Smarticipate is a research project revolved around the development of the smarticipate platform, a web-connected solution that allows citizens to interact in a new way with their local government. Based upon the idea that smartphones and web applications are widely used in our daily life, this project aims at opening up the process of creating new applications. So, this guide is a step-by-step manual explaining how the smarticipate platform can support the creation of new apps aiming to make cities more liveable, greener and smarter.
This book, written by Paul Chatterson, seeks to explore the power of rapidly emerging constellations of connected experiments that can harness the creative power of the many and have the potential to radically unlock the latent potential of cities. It foregrounds that one of the central problems is the way that we approach the very idea of sustainability and questions the dominant urban project of the human species, which he defines as Capitalocene.
As we enter 2019, Smart Cities Dive presents a list of trends that are expected to influence and shape the future of smart cities in 2019. From new mobility services to advanced payment options and the evolution towards 5G technologies, this year is expected to significantly transform cities.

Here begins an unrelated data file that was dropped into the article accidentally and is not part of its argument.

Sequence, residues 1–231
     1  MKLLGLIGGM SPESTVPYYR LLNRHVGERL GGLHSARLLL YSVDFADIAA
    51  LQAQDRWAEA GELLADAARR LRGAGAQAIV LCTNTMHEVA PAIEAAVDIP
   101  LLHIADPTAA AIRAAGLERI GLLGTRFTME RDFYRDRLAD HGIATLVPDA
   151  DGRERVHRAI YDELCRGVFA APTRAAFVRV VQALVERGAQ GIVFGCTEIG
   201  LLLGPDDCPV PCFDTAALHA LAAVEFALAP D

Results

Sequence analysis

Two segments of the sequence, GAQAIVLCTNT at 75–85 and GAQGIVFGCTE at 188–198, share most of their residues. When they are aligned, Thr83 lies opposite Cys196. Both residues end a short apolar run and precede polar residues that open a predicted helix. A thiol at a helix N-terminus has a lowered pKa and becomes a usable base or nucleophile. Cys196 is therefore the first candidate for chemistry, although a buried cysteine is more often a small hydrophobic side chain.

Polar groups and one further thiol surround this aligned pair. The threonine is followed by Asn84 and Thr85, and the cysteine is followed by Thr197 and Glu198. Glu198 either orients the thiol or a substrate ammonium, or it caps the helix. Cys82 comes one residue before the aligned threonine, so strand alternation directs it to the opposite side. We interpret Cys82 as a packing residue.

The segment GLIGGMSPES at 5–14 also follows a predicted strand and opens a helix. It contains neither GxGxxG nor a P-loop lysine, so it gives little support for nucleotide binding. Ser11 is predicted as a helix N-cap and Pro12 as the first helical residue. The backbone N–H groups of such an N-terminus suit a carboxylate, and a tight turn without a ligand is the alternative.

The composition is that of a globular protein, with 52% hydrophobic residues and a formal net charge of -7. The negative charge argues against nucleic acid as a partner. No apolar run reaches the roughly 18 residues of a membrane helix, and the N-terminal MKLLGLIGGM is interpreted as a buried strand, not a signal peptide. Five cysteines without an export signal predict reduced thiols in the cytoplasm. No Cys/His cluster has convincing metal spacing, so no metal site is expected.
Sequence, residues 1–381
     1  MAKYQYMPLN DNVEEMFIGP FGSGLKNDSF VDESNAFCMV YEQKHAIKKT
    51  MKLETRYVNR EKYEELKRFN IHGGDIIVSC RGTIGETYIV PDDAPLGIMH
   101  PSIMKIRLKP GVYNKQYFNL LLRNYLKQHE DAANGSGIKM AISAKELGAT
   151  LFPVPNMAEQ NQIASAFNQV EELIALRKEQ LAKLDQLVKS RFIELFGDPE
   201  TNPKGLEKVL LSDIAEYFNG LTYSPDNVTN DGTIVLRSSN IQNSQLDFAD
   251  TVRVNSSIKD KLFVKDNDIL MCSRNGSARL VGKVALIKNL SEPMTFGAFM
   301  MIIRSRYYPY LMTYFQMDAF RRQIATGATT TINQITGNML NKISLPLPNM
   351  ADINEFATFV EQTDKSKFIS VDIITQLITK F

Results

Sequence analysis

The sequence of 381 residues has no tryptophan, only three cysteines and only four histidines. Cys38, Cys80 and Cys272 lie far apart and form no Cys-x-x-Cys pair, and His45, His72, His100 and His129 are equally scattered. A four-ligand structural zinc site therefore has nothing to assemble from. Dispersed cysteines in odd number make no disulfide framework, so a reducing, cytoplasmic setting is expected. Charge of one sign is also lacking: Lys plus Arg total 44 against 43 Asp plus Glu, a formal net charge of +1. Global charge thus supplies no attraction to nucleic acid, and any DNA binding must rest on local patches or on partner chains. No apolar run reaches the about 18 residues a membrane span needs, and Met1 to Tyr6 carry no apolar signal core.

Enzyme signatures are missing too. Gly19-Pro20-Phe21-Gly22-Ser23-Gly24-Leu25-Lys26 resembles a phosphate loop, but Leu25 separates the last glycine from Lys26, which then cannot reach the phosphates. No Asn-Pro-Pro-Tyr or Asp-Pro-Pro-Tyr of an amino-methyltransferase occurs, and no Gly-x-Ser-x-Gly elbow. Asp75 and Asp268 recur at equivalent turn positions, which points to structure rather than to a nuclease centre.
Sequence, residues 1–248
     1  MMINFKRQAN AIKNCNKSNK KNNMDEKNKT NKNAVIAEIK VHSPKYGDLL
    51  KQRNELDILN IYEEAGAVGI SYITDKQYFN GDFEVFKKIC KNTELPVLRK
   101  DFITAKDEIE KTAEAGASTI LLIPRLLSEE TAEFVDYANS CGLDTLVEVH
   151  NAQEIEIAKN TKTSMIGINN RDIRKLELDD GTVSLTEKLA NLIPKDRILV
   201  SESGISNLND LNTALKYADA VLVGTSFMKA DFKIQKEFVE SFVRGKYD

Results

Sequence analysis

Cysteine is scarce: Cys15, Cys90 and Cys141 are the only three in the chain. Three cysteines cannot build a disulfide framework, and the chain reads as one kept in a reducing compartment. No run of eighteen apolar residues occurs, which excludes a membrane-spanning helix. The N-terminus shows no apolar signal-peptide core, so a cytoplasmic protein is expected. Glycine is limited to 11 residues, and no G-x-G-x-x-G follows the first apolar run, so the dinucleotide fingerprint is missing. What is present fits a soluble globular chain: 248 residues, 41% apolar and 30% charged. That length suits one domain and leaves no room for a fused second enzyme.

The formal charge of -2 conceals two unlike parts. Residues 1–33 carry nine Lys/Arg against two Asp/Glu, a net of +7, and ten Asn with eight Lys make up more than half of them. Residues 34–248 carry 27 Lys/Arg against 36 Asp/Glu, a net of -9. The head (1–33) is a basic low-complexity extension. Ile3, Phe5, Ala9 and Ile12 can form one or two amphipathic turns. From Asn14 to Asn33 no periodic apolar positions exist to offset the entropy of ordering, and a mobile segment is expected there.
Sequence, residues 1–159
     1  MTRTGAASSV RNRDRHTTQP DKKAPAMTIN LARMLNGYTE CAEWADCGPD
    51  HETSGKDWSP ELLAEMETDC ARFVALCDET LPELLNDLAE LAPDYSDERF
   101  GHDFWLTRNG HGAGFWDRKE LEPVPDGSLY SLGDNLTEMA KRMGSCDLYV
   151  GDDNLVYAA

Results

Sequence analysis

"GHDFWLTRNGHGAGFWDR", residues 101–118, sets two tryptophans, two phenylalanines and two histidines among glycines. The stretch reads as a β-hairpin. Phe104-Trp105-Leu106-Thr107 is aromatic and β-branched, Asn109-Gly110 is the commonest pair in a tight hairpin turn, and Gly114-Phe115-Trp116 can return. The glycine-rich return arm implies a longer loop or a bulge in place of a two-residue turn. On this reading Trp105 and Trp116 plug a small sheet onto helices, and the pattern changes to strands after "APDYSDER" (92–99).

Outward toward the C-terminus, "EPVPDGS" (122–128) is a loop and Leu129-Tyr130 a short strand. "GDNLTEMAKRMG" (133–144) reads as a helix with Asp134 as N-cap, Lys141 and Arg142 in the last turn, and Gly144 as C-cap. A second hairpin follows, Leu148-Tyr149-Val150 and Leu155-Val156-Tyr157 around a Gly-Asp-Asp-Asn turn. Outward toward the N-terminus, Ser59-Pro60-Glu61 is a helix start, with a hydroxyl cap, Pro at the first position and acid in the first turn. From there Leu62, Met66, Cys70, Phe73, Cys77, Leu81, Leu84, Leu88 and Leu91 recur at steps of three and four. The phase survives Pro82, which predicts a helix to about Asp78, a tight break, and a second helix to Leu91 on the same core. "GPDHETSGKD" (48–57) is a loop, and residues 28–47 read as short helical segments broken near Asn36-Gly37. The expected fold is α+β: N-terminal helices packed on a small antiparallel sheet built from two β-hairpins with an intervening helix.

This report presents a European view of Artificial Intelligence (AI) based on independent research and analysis by the European Commission Joint Research Centre to inform the debate at the European level. Shedding light on the opportunities as well as challenges emerging from the recent developments in AI, this report attempts to outline the way towards building a human-centred, diverse, and socially driven AI.
Written by AbdouMaliq Simone and Edgar Pieterse, this book attempts to address the relationship between urban theory and practice in Asia and Africa. It is argued that we need to look at the neighborhood or district level to get the essence of urban lives. This book reads like a collection of authors’ thoughts on urban change over the past several decades. It reflects their concern for social justice in African and Asian cities, which is ever challenged by the commodification and technologization of urban spaces.
This paper reviews the literature about the Smart City paradigm in terms of culture, metabolism and governance and proposes a theoretical framework around it. This framework adopts a citizen-centered and outcome-oriented approach rather than a technology-based, corporate-driven solution. This approach applies smart infrastructure to each of the three fundamental values of a city in order to show how smart culture, smart metabolism, and smart governance can be created.